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May 12, 2005

GSPIA’s Ban to step down

When Carolyn Ban steps down as dean of Pitt’s Graduate School of Public and International Affairs (GSPIA) next year, she will have spent just enough time in her post — almost a decade.

Even before Ban was interviewed for the GSPIA post, she was advised not to be a dean too long.

The late Tom Galvin, a colleague from her years at the State University of New York (SUNY)-Albany and former dean of Pitt’s information sciences school, advised Ban about being a successful dean: “If you haven’t ‘done it’ in five to seven years, you are probably not going to ‘do it,’ and you should step aside and let someone else try.”

Ban didn’t stray far from Galvin’s advice: “When the provost reviewed my performance at five years and asked me to stay on as dean, I told him that another five years would be the maximum, and I reaffirmed that decision with him last fall.” She will step down Aug. 1, 2006, but will remain on the GSPIA faculty.

According to Provost James Maher, Ban “has made significant progress in strengthening the school’s faculty profile and research portfolio, aligning its curricula to faculty expertise, and building new programs of high quality.”

Under Ban’s leadership, a new major in Urban and Regional Affairs and a new master’s degree program in international development were established. The Ridgway Center for International Security Studies was expanded when GSPIA received support from the University to establish the Wesley W. Posvar Chair in International Security Studies, which is held by center director William Keller. Ban proudly points out that GSPIA hired Keller, “a dynamic senior faculty member,” away from the Massachusetts Institute of Technology.

Also established during Ban’s tenure was the Ford Institute for Human Security, the Johnson Institute for Responsible Leadership, the GSPIA Nonprofit Clinic and the Graduate Center for Public Policy and Management in Macedonia. Ban plans to attend the first-ever graduation ceremony at the Macedonia school on May 28.

According to Maher, under Ban’s leadership “GSPIA has developed depth and breadth in its international connections, increased its enrollments, maintained its commitment to diversity and the education of international students, and positioned itself as a leader in the use of technology in the classroom and in the inclusion of students in the work of major research projects. Dr. Ban has worked tirelessly to triple the school’s endowment.”

Chancellor Mark A. Nordenberg said: “Dean Ban’s distinguished service has been characterized by her high ambition, sense of vision, boundless energy and effective management style.”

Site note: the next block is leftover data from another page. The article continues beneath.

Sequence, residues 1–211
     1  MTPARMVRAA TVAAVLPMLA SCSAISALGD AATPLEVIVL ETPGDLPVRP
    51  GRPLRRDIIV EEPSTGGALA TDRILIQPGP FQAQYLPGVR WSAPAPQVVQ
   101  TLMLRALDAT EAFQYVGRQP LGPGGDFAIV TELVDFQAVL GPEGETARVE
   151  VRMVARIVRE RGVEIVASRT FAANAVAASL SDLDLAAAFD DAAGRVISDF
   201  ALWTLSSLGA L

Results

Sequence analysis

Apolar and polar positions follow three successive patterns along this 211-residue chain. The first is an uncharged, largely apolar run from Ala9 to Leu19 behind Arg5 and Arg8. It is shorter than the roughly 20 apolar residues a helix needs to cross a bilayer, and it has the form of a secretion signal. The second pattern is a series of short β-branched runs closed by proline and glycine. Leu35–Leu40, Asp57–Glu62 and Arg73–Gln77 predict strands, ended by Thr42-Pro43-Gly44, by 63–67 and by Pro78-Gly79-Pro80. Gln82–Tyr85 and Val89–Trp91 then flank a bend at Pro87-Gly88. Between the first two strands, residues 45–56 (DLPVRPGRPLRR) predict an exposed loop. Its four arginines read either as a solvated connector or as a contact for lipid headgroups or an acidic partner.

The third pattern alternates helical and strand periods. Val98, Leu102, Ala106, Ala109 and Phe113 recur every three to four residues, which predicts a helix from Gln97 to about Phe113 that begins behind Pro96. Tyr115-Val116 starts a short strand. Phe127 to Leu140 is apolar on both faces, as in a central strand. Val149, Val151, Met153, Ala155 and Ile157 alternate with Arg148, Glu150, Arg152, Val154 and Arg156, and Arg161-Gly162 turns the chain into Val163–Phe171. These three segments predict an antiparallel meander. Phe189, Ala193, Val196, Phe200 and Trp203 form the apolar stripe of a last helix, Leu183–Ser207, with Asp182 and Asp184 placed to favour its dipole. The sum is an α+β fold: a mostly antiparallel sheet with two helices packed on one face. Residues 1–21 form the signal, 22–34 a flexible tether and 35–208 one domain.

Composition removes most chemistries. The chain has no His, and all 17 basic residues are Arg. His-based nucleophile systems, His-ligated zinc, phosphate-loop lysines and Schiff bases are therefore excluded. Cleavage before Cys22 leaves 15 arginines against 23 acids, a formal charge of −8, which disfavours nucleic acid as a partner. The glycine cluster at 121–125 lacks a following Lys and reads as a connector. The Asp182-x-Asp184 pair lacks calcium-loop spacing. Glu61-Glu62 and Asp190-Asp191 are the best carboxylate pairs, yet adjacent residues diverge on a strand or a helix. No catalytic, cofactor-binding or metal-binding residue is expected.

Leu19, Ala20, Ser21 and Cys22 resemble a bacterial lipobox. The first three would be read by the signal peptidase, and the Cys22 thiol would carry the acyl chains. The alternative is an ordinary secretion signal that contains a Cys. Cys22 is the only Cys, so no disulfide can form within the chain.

According to Ban, her most notable accomplishments include hiring almost half of the current 34 faculty. “I consider that one of the most important things I do is to mentor and encourage faculty to develop. As dean, I leave a strong and engaged faculty.”

Ban also is proud of the school’s success in generating external funds for research and training. During her first year, the school brought in less than $100,000. Now GSPIA receives about $2 million in external funding annually.

And as dean, Ban enjoyed meeting and spending time with alumni around the world.

“One of the things you do with teaching is that you change the world second hand. You give people the tools and they take them out and use them.

Sometimes you don’t know what they did with the tools until later. And when I met with alumni, I got a sense of what they accomplished.”

Ban said that what sets GSPIA apart from other schools of public policy is that Pitt has the fields of public policy, international affairs and international development combined in one school, which is unusual among institutions of higher education nationwide. “Our focus now and for the future is building on that integration and responding to the current environment,” she said.

The school’s latest faculty hires exemplify that focus: One faculty member has expertise in environmental policy on a regional basis while the other faculty member, who also specializes in environmental policy, has an international focus. “Both of those faculty members will connect across the school. And we have the potential to build a strong program in environmental policy, an area of potential growth,” she said.

Ban has served as a member of the Executive Council of the National Association of Schools of Public Affairs and Administration (NASPAA) since 1997, serving as president in 2001-2002. She is a member of the American Society for Public Administration, and has served in a number of leadership roles, including chair of the section on personnel and labor relations and the national finance committee, as well as on the board of the section on women in public administration.

Ban earned a B.A. in political science at Smith College, graduating cum laude; an M.A. in regional studies of the Soviet Union at Harvard University, and a Ph.D. in political science at Stanford University.

Ban began her career as an assistant professor of political science at Ohio State University. She then worked as policy analyst and acting division chief for the Civil Service Reform Act Evaluation Management Division of the U.S. Office of Personnel Management and as a senior research analyst for Educational Systems Corp. before returning to academia, attaining the rank of professor in the Graduate School of Public Affairs at SUNY-Albany. Ban also has been a guest scholar at the Brookings Institution.

A search committee will be formed this summer to identify candidates for the dean’s position.

—Mary Ann Thomas

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